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[Kim Seong-kon] Struggling to identifying Korea’s cultural icons


The other day, Park Min-kwon, the vice minister of culture, sports and tourism, asked me if I could think of cultural icons that could represent Korea. I found his question timely and compelling because, unlike her neighbors that boast a panoply of charming cultural icons, Korea suffers from a dearth of memorable symbolic images. Japan has samurai, ninja, geisha, kabuki and sushi to its name, while China lays claim to the Great Wall, the Forbidden City, kung fu and Chinese cuisine. When it comes to Korea, however, few icons come to mind despite its rich cultural heritage. 

As I mulled over the matter, I realized identifying suitable cultural icons for Korea was no easy task. The problem was that many potential candidates were either too similar to or overlapped with Chinese and Japanese icons. They are different in essence but they look alike to outsiders. Can foreigners unfamiliar with East Asia distinguish Korean ssireum from Japanese sumo, or Korean taekwondo from Japanese karate? How many foreigners can tell apart Korean and Chinese temples or Korean and Chinese musical instruments?

I asked my colleagues and friends for suggestions. They kindly sent me a long list of suggestions, yet I found only a few could truly be called cultural icons unique to Korea. The list included Korean cuisines such as bibimbap, galbi and bulgogi. Someone suggested namul, which is also uniquely Korean. Koreans eat a variety of edible plants seasoned with sesame oil, soy sauce and garlic, which makes for fine health food.

Another Korean cultural item radically different from its Chinese or Japanese counterparts is hanbok, the traditional Korean costume. Indeed, hanbok could be a cultural icon that can represent Korea because it exemplifies the core of Korean culture. In his celebrated book, “In This Earth, in That Wind,” Lee O-young, the Inaugural Minister of Culture, points out that the traditional Korean women’s dress is designed after a butterfly’s or a dragonfly’s wings, so it is very comfortable when dancing. The long ribbons are also designed to flutter when the woman dances. Lee quips that the hanbok embodies a Korean woman’s clandestine wish to fly away from her tyrannical husband and mother-in-law, and from her household burdens.   

I decided to discuss this with Lee O-young to benefit from his insight and wisdom. As I expected, Lee came up with some brilliant ideas. With reference to the South African term ubuntu, which means “human kindness” or “humanity toward others,” Lee suggested a Korean word gobong as an equivalent term. Traditionally in Korea, when you buy rice, beans or candy, you expect the store owner to give you a generous amount, well above the standard measure. When a mother serves a bowl of rice for her family at mealtime, she is also supposed to overload the bowl so it looks like a lofty hill. This is what Koreans called gobong. It reflects the well-known Korean sentiment called jeong as well.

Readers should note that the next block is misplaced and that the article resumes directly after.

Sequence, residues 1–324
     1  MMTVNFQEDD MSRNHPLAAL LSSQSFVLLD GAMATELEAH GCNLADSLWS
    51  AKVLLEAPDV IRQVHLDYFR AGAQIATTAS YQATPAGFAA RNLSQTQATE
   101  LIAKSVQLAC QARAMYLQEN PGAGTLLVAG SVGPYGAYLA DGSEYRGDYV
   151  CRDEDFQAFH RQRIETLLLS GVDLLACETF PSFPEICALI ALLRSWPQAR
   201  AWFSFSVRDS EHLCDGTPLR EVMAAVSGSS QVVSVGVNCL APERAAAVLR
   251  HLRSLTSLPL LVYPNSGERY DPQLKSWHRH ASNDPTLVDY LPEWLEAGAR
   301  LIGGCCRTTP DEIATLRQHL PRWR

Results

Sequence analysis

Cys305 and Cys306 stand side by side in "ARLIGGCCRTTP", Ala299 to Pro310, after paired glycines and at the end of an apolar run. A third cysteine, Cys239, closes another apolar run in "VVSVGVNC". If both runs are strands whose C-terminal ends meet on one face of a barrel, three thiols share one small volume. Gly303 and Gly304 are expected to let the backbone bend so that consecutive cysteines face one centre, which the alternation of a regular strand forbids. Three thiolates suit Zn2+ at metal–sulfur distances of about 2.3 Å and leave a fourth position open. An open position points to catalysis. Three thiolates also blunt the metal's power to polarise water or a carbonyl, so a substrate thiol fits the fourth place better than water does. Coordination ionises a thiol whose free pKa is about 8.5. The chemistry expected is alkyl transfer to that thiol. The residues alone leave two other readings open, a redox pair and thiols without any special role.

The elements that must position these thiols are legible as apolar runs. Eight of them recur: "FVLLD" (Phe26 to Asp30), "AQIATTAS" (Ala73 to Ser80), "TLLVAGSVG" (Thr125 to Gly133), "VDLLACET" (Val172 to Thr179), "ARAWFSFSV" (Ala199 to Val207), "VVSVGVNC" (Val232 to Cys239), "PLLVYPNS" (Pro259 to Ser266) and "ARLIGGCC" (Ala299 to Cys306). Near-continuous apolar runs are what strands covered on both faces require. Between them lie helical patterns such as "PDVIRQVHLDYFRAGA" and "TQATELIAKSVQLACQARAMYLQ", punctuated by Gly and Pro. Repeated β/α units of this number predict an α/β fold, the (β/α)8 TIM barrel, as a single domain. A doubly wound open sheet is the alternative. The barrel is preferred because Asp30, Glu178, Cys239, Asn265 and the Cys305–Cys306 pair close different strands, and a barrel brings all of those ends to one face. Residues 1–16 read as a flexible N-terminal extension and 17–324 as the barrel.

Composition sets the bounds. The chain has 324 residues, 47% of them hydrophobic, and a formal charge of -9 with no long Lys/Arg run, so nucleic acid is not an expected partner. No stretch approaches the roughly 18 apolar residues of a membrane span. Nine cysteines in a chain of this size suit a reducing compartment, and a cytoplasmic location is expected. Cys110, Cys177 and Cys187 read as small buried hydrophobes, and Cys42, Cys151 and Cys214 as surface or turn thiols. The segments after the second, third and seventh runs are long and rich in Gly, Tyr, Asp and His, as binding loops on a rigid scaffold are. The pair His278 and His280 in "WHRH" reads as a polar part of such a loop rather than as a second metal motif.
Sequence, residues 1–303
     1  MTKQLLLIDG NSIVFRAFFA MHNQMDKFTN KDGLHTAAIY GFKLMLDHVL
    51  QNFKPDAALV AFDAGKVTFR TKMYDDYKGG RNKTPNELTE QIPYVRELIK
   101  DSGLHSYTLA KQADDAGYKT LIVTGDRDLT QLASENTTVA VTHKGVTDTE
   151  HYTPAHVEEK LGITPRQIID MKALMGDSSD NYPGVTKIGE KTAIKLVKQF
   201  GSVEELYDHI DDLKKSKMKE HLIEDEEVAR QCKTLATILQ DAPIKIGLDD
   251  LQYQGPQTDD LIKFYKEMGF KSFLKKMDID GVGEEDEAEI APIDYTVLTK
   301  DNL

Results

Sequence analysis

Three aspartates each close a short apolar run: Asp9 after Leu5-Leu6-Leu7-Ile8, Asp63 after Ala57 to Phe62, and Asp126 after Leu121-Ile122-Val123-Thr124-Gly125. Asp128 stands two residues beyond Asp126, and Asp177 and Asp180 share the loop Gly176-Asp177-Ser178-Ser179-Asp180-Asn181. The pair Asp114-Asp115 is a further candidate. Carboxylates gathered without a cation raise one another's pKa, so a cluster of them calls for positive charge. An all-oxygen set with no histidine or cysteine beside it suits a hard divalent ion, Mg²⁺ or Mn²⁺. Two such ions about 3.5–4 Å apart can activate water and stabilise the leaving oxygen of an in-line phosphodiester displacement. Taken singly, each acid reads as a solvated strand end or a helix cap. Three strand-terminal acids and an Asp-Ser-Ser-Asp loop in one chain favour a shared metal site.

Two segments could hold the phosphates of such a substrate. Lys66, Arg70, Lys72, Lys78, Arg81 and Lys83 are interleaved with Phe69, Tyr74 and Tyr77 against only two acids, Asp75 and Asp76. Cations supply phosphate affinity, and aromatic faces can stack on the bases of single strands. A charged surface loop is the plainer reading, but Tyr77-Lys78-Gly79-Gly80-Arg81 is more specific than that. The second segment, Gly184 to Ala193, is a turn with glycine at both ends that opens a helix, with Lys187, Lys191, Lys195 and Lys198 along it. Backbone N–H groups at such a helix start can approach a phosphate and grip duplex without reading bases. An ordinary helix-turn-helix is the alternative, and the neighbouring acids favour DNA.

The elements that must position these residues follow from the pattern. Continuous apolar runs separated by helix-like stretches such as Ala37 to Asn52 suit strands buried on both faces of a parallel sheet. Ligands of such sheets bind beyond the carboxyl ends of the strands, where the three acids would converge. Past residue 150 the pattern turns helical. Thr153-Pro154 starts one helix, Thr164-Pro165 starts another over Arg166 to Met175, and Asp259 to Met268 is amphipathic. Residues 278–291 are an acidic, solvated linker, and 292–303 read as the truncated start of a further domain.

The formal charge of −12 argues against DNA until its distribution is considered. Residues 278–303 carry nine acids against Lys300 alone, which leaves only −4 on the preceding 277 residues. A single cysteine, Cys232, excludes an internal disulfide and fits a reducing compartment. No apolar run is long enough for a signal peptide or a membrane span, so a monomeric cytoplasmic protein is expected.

Lee suggested another potential cultural icon: the honorific “nim.” Unlike other honorific titles, nim can be used for everybody from a king to a housemaid. When my turn comes at a clinic, the receptionist always calls me “Kim Seong-kon nim!” On the mailing address label, I almost always see my name written as Kim Seong-kon nim. Koreans call their teachers seonsaeng nim, parents bumo nim and their friends beot nim. Even social network users address each other as nim.

Lee also suggested “chin-gu ya!” (“Hey, my friend!” or “We are friends!”) as another fine cultural icon that can reflect the Korean sentiment of valuing friendships. He said, “It would be a good idea to name a volunteers group going abroad to help underdeveloped countries ‘chin gu ya!’ Then we can spread the Korean spirit of friendship and humanity all over the world.”

Another promising candidate is hwarangdo, a Korean equivalent of Japanese bushido (way of warriors). The concept of seonbi, or virtuous scholar, can also be put up as a fine counterpart to the Japanese samurai. But while it undeniably represents the social milieu of the Joseon Dynasty that respected scholars and learning, the problem is that antecedents to seonbi can be traced to Confucian philosophy, which again has its origins in China. It is the same with seowon (privately run Confucian schools) and hyanggyo (government-run local Confucian schools) where the seonbi studied. Another problem is that despite its undeniable merits, the seonbi culture had some serious side effects such as chronic factional brawls, stagnant economic development and the negligence of national defense. Some people recommended pansori, madang geuk (traditional open air theater) and talchum (masked dance) as other possible Korean cultural icons.

It is extremely important that we find cultural icons that can captivate and inspire foreigners. We have Samsung, LG and Hyundai, but they are technological, industrial icons, not cultural ones. When we can have unique, outstanding cultural icons, the image of Korea will be greatly enhanced.

By Kim Seong-kon

Kim Seong-kon is a professor emeritus of English at Seoul National University and president of the Literature Translation Institute of Korea. -- Ed.




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